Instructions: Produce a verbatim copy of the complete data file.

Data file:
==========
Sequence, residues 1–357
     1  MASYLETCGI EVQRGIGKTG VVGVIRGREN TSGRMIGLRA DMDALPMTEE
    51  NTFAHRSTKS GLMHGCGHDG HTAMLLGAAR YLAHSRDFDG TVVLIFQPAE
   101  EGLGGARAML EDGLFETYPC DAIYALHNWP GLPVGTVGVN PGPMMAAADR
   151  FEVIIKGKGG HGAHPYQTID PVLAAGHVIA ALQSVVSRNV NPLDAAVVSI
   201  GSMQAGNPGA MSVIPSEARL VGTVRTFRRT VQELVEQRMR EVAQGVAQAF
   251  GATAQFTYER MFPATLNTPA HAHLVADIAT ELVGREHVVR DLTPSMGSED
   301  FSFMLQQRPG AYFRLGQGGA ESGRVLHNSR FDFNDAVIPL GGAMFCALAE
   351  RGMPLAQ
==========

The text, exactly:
Sequence, residues 1–357
     1  MASYLETCGI EVQRGIGKTG VVGVIRGREN TSGRMIGLRA DMDALPMTEE
    51  NTFAHRSTKS GLMHGCGHDG HTAMLLGAAR YLAHSRDFDG TVVLIFQPAE
   101  EGLGGARAML EDGLFETYPC DAIYALHNWP GLPVGTVGVN PGPMMAAADR
   151  FEVIIKGKGG HGAHPYQTID PVLAAGHVIA ALQSVVSRNV NPLDAAVVSI
   201  GSMQAGNPGA MSVIPSEARL VGTVRTFRRT VQELVEQRMR EVAQGVAQAF
   251  GATAQFTYER MFPATLNTPA HAHLVADIAT ELVGREHVVR DLTPSMGSED
   301  FSFMLQQRPG AYFRLGQGGA ESGRVLHNSR FDFNDAVIPL GGAMFCALAE
   351  RGMPLAQ